How to avoid credit card interest | finder.com

Avoiding credit card interest

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If you can’t pay off your balance on time, try these options.

If you don’t pay your balance in full by the statement due date, your credit card balance will attract interest and will cause your debt to grow. The more interest you collect, the more difficult it will become to repay your balance. To keep your credit card costs low and your debt under control, here are seven tips you can use to avoid interest with your credit card.

1. Get a 0% purchase credit card

Purchases that aren’t paid by the statement due date will attract the purchase interest rate. Depending on the card, this can range from 9% to 28%. If you are planning on making a large purchase and think you might have trouble paying your balance in full by the end of the statement period, a card with a 0% promotional rate could come in handy.

As this only lasts for an introductory period between 6 and 15 months, you’ll need to repay your entire balance before the promotion ends. Once the promotion ends, the standard interest rate applies to any remaining debts and future purchases.

2. Maximize your grace period

All credit cards offer interest-free days after the close of each billing cycle. The number of days offered will vary, but it’s usually between 21 and 25. This can allow more time to pay off your shopping, especially if you time it at the start of your billing cycle.

The most important thing is to make at least the minimum payment, often between 1% and 3%, before the due date. If you don’t, most credit cards may impose a penalty APR of up to 32%. This can last indefinitely and cause you to lose any 0% intro APR period.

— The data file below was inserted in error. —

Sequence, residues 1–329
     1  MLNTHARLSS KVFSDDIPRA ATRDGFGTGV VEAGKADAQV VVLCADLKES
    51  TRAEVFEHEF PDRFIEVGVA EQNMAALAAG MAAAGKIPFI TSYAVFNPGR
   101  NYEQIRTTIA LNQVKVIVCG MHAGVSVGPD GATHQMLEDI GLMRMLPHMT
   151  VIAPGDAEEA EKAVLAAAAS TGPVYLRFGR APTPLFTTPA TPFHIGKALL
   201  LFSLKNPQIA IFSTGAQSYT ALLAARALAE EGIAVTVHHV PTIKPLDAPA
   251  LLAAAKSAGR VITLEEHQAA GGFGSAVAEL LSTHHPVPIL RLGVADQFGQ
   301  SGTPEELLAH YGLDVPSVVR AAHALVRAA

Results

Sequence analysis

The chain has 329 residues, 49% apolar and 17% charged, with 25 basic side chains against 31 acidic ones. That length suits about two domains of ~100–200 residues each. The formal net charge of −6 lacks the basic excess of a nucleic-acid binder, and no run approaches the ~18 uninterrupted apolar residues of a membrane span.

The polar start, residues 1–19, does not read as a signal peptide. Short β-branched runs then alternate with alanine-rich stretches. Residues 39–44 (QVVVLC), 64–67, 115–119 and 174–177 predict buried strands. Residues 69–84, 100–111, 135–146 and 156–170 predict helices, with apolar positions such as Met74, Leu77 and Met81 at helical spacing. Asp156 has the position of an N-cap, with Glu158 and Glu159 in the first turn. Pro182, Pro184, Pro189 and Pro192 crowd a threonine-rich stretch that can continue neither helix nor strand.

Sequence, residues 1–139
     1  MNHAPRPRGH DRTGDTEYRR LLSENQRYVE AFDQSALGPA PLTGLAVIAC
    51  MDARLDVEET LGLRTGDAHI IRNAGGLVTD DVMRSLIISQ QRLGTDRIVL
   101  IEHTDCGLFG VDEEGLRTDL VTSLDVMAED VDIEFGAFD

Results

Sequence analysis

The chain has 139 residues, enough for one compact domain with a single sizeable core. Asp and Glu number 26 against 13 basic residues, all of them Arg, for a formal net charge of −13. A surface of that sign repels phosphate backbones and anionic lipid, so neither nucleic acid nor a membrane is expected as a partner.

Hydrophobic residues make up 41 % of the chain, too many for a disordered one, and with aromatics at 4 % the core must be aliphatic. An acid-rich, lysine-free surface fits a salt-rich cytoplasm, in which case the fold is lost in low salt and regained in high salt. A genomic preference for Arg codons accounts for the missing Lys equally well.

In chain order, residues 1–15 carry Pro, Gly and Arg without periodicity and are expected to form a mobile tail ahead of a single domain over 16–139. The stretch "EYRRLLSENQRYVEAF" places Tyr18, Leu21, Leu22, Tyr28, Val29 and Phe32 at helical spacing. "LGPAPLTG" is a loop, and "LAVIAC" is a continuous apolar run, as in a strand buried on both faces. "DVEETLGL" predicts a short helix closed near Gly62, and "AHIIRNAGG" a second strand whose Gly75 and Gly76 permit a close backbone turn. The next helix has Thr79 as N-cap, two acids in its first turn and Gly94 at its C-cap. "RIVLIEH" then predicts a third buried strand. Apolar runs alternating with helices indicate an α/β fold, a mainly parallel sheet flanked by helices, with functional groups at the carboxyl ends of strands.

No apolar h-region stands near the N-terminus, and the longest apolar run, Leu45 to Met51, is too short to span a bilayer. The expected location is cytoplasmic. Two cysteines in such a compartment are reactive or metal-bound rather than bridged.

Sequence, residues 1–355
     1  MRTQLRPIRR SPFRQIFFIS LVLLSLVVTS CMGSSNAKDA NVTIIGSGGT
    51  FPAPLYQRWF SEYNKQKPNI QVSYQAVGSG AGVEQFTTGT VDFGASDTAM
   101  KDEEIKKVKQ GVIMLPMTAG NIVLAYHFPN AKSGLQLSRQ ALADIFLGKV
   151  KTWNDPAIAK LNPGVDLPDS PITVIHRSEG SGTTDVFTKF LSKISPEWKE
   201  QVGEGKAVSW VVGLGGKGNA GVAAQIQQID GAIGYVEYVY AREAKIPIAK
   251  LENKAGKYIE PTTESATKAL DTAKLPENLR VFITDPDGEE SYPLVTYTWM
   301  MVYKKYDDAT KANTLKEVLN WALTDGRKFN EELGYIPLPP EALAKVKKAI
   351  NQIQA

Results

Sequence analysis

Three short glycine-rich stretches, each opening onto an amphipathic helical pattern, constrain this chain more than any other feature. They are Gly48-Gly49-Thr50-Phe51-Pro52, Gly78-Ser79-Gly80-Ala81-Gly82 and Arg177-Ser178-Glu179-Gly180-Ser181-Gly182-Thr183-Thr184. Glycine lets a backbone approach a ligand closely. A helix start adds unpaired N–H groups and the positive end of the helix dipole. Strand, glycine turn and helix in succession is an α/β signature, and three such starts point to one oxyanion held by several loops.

3. Repay your balance before the statement due date

This way your purchases won’t collect interest. But if you struggle to repay your balance on time, there are a few things you can do to get your repayments in check. It could be as easy as setting up reminders in your calendar or smartphone. Or you could set up automatic payments to transfer money from your bank account to your credit card each month.

If you struggle to gather enough money to repay your balance each month, you could contact the bank to move your statement due date so it’s closer to your payday. This might help manage your cash flow and ensure you have enough funds to repay your balance and avoid interest.

4. Consider a 0% balance transfer credit card

A balance transfer involves moving your debt from one card to another. With a 0% intro APR period, you can repay your debt without paying any interest for as long as the introductory period is in place, which can be from 6 to 21 months.

Depending on your balance, this can result in significant savings that could instead go towards paying off your debt rather than paying interest. They’re not entirely cost-free, though. You might need to pay a one-off balance transfer fee.

5. Avoid cash advances

Using your card to make a cash advance will attract high interest. Depending on the card, the cash advance interest rate can range between 26% and 28%. You’ll also be charged a cash advance fee of 3% to 5% of the transaction amount, with a minimum of $5 to $15. Unlike purchases, the cash advance interest will apply from the moment you make the transaction.